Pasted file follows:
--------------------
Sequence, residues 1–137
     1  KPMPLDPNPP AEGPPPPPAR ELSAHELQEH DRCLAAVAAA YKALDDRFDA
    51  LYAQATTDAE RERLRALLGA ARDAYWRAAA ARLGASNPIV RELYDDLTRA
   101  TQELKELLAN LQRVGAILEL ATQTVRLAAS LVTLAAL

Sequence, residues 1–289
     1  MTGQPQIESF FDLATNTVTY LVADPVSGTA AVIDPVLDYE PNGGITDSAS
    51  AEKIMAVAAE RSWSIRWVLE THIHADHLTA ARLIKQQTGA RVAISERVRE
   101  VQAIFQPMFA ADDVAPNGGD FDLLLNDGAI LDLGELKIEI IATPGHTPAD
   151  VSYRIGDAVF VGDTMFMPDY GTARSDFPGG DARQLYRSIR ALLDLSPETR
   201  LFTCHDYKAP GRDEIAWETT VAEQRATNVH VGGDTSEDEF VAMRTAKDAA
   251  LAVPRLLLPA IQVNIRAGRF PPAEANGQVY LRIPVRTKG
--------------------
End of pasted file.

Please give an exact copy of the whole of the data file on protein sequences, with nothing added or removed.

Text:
Sequence, residues 1–137
     1  KPMPLDPNPP AEGPPPPPAR ELSAHELQEH DRCLAAVAAA YKALDDRFDA
    51  LYAQATTDAE RERLRALLGA ARDAYWRAAA ARLGASNPIV RELYDDLTRA
   101  TQELKELLAN LQRVGAILEL ATQTVRLAAS LVTLAAL

Sequence, residues 1–289
     1  MTGQPQIESF FDLATNTVTY LVADPVSGTA AVIDPVLDYE PNGGITDSAS
    51  AEKIMAVAAE RSWSIRWVLE THIHADHLTA ARLIKQQTGA RVAISERVRE
   101  VQAIFQPMFA ADDVAPNGGD FDLLLNDGAI LDLGELKIEI IATPGHTPAD
   151  VSYRIGDAVF VGDTMFMPDY GTARSDFPGG DARQLYRSIR ALLDLSPETR
   201  LFTCHDYKAP GRDEIAWETT VAEQRATNVH VGGDTSEDEF VAMRTAKDAA
   251  LAVPRLLLPA IQVNIRAGRF PPAEANGQVY LRIPVRTKG